An American Composer in Vienna

The life and compositions of Eugene Hartzell, celebrated on the 80th anniversary of his birth

The renowned American composer Eugene Hartzell in his study in Vienna in 1992 | Photo: Joan Kelly

When I first came to Vienna, I couldn’t speak German: For weeks the only person I could understand was Eugene Hartzell, the voice of Blue Danube Radio, the erstwhile English-language public radio station. His name represented home, a far-away place that I was too poor to call by expensive long-distance telephone, when Internet and Skype had still not been imagined.

But Eugene Hartzell (1932-2000) was more than a radio voice. He was also a composer. Like hundreds of musicians before and after him, Vienna was a musical magnet that became home. Born in Ohio, Hartzell studied composition, piano and singing at Yale and came to Vienna on a scholarship in 1956. He had originally planned to study singing, but, as he described it, “composition took the upper hand.” He began to study with Hans Erich Apostel, who had been the pupil of Arnold Schoenberg and Alban Berg.

Hartzell soon became part of the musical legacy of the “Second Viennese School”, the group of composers who had clustered around Schoenberg, following his creative example and, to varying degrees, adopting his serial twelve-tone technique. Hartzell subsequently made his home in Vienna, living here until he passed away in 2000.

Exceptionally, Hartzell held both U.S. and Austrian citizenship. Double nationality is rarely granted here: One requirement is a unanimous decision by various branches of the Austrian government, in recognition for an “extraordinary contribution to the Austrian Republic”. In Hartzell’s case, this was prompted largely by his services to Austrian music. He was also conferred the Music Prize of the City of Vienna, the highest distinction in the field that this city has to give.

Unfortunately for us all, Blue Danube Radio is now history, but the voice of Hartzell is being celebrated here this year on the 80th anniversary of his birth. After two smaller concerts in February and March, May will bring a festival concert, with the FOS Trio playing four Hartzell pieces. The concert will also include works by Apostel and Brahms. This represents a direct stream of Viennese composers; it is indeed possible to consider all three still spiritually linked to the Viennese classical school.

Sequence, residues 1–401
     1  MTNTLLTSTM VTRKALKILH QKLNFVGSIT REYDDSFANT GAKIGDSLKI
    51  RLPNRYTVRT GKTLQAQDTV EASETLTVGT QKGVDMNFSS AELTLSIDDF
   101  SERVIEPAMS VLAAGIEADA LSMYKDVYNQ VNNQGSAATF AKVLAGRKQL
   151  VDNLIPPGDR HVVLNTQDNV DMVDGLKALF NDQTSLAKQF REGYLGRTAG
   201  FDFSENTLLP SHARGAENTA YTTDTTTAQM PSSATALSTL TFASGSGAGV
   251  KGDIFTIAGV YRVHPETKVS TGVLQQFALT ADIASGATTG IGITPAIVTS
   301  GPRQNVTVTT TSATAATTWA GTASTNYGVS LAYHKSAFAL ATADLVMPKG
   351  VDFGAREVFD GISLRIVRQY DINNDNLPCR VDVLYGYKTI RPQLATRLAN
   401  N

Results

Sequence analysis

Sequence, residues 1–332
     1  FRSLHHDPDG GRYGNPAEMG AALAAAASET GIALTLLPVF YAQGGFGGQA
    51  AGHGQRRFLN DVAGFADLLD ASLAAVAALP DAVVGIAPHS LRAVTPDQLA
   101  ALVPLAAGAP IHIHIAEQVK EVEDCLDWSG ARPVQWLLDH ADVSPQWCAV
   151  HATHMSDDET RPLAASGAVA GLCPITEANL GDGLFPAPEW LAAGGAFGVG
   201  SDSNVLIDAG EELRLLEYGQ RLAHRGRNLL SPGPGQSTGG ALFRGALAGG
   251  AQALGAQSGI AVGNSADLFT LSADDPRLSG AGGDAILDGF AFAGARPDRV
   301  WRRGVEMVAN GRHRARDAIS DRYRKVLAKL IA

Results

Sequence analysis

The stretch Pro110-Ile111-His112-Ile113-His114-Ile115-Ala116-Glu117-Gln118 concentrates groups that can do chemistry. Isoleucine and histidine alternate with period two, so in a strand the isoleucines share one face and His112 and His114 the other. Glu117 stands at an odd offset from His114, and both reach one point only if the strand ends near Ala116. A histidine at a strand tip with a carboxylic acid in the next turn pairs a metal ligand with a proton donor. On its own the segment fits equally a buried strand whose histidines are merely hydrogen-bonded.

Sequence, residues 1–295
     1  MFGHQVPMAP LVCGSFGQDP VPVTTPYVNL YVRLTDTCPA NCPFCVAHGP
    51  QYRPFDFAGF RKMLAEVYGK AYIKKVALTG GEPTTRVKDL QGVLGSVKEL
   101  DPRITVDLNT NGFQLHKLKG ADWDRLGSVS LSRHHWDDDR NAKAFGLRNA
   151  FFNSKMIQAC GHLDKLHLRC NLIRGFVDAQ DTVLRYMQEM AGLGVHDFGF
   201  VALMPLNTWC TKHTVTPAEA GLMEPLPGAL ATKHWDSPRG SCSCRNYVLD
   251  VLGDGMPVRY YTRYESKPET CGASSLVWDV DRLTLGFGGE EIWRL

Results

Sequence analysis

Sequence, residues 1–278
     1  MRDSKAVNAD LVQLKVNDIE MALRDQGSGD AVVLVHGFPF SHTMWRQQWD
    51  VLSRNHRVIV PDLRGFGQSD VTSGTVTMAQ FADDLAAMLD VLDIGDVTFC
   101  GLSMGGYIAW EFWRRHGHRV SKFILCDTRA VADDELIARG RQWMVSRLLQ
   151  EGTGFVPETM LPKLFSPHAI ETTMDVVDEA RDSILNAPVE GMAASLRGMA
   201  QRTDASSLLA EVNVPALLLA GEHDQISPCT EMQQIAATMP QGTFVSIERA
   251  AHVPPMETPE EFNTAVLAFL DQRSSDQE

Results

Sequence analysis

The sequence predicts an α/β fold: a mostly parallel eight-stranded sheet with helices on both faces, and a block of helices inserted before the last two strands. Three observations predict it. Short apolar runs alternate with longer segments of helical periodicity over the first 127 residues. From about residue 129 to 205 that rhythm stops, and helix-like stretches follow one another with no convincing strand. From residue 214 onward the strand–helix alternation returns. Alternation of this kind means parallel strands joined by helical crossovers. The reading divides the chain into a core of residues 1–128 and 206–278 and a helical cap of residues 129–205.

While the reaction of some music listeners is still, “Twelve-tone – not for me!”, Hartzell’s music, despite its truly serious European form, is rich in moments of American charm.  While his teacher Apostel was strictly counting the rows of twelve tones, Hartzell was imagining ways to make little Abstecher here and there, little detours. As he described his (perhaps irreverent) thoughts: “Maybe it’s time to think differently… how can I draw on my American years: a hint of jazz… blues-like things… torch songs…?”

A Legacy of Innovation

Hartzell’s oeuvre counts more than 100 works. The majority are pieces for chamber ensemble, small groups of two, three, four musicians, or for voice. A significant group of pieces is his Monologue series, 21 solo works for nearly every instrument of the orchestra. They were composed over a period of four decades and so are perhaps ideal for the academicians who enjoy examining the “growth” or “development” of a composer. I simply find them captivating as they let the listener sink into the very individual, characteristic sound of instruments like the double bass or bassoon.

The programme of the May concert includes two Monologues, one for violin and the other for horn. It will continue with the Episodes for Violin and Piano (1982), described by the composer as “[lying] along that regrettable boundary between ‘serious’ and ‘light’.” Whether this is really regrettable is perhaps for the audience to decide. This will be followed by his Horn Trio (1995). Titled by the composer himself as “A Little Light Music”, it is twelve-tone jazz, with a boogie bass and a ragtime theme.

Hartzell’s dodecaphony splashes out of the sometimes rigidly monotone world of the tone row. In the heritage of the Second Viennese School, its colour and wit give it a special place. And happily, Hartzell’s unique voice continues to be with us.

 

www.eugene-hartzell.org
CD: “An American in Vienna”,
Ensemble Wiener Collage
(VMS 175, distributed by Extraplatte)

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